//This is the last byte in our file, so we've used 8 times as many in our image, hence times 8
                for (int i = lastByte * 8; i < lastByte * 8 + 8; i++)
                {
                    ptr[i] = (byte)(ptr[i] | 1);
                }
            }

            target.UnlockBits(bmpData);

            return target;
        }

        //Extract an embedded file from an image.
        //Returns a byte[], so the consumer can do with the data whatever he likes.
        public static byte[] Extract(Bitmap source)
        {
            BitmapData bmpData = PrepareImage(source);

            int imageSize = Math.Abs(bmpData.Stride) * bmpData.Height;

            //We use a List, because we don't know in advance how big the enbedded file is.
            List<byte> fileBytes = new List<byte>();

            bool fileRead = false;

            unsafe
            {
                //Get a pointer to the first pixel;
                byte* ptr = (byte*)bmpData.Scan0;

                for (int i = 0; i < imageSize; i++)
                {
                    fileBytes.Add(0x0);
                    for (int j = 0; j < 8; j++)
                    {
                        //Set the last bit of the current file byte to the last bit of the image byte.
                        //Then shift it one spot to the left.
                        //This allows us to do this:
                        //0000 0001
                        //0000 0011
                        //0000 0110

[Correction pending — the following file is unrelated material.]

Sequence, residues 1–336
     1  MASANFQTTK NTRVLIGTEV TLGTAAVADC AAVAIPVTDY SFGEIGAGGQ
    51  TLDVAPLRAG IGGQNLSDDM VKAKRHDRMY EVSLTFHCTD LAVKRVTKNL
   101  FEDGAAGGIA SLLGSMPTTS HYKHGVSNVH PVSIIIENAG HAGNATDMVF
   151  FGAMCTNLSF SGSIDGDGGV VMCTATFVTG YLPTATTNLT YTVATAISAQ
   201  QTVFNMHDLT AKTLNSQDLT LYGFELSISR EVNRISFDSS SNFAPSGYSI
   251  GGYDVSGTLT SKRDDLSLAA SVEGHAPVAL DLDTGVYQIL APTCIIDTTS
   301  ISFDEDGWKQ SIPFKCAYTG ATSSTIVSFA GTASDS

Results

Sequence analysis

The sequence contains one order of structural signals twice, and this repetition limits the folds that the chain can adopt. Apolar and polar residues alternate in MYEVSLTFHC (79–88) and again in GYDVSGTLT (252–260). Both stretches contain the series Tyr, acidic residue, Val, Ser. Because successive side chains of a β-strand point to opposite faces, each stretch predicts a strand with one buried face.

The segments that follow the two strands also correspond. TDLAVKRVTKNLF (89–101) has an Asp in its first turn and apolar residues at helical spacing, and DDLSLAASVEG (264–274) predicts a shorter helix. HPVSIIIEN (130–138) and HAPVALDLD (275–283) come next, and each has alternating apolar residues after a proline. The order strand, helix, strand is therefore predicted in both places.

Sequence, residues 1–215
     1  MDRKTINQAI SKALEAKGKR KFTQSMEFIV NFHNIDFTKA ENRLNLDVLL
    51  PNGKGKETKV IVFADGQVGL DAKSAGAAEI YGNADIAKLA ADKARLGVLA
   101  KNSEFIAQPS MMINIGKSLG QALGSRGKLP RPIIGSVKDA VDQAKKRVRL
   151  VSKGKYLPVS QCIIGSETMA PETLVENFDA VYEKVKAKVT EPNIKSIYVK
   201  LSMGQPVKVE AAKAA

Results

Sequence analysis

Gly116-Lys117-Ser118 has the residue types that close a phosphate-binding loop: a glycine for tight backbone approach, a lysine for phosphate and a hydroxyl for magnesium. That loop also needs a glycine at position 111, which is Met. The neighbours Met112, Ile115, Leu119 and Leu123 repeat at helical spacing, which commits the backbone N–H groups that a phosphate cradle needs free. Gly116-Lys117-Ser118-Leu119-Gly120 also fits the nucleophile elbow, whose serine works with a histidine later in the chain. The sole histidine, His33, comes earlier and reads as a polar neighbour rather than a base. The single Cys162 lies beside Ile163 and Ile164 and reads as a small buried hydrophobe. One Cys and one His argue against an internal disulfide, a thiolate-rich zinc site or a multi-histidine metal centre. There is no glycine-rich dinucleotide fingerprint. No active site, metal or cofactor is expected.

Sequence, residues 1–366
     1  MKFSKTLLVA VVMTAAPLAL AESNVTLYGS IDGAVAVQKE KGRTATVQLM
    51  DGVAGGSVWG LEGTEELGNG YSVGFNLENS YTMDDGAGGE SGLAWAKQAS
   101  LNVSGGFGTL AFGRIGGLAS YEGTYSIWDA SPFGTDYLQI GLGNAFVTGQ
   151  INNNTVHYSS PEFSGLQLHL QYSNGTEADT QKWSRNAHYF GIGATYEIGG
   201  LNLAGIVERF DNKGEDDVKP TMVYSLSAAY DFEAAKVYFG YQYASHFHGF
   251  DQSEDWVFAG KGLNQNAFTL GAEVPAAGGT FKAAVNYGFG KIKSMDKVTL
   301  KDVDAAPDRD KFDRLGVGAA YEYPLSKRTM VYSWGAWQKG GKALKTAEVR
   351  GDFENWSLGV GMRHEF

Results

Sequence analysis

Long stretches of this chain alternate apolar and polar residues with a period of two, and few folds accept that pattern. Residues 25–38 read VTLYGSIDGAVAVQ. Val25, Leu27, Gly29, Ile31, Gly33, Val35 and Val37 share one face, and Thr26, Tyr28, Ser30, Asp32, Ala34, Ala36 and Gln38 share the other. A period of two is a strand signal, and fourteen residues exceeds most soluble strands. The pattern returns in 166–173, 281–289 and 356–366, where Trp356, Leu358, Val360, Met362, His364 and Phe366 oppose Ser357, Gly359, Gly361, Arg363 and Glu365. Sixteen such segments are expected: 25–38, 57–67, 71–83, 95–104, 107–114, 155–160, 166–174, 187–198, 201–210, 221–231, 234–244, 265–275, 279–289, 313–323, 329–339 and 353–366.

//0000 1101
                        //etc.
                        fileBytes[i] <<= 1;
                        fileBytes[i] = (byte)(fileBytes[i] & ~1 | Helper.GetBitAsByte(ptr[i * 8 + j], 0));

                        if (fileBytes[i] == 0xff)
                        {
                            fileRead = true;
                            break;
                        }
                    }

                    if (fileRead)
                        break;
                }
            }

            //Remove our last byte, this is the EOF byte.
            fileBytes.RemoveAt(fileBytes.Count - 1);

            //Convert it to a byte array
            byte[] byteArray = fileBytes.ToArray<byte>();

            return byteArray;
        }

        //This is some boilerplate code to prepare our image for unmanaged access.
        private static BitmapData PrepareImage(Bitmap image)
        {
            //We don't require a specific area to be locked, but we still need to specify one
            //So we choose to lock the entire image.
            Rectangle lockArea = new Rectangle(0, 0, image.Width, image.Height);

            //We use LockBits instead of GetPixel, because it is much faster.
            //As a consequence we need to work with unmanaged data.
            BitmapData bmpData = image.LockBits(lockArea,
                System.Drawing.Imaging.ImageLockMode.ReadWrite,
                image.PixelFormat);

            return bmpData;
        }
    }

Helper class:

static class Helper
    {
        //Does a bitshift, but wraps the overflow
        public static byte RotateLeft(byte value, int count)
        {
            return (byte)((value << count) | (value >> (8 - count)));
        }

        //Does a bitshift, but wraps the overflow
        public static byte RotateRight(byte value, int count)
        {
            return (byte)((value >> count) | (value << (8 - count)));
        }

        //Gets the bit at a certain position in a byte
        public static bool GetBit(byte b, int bitNumber)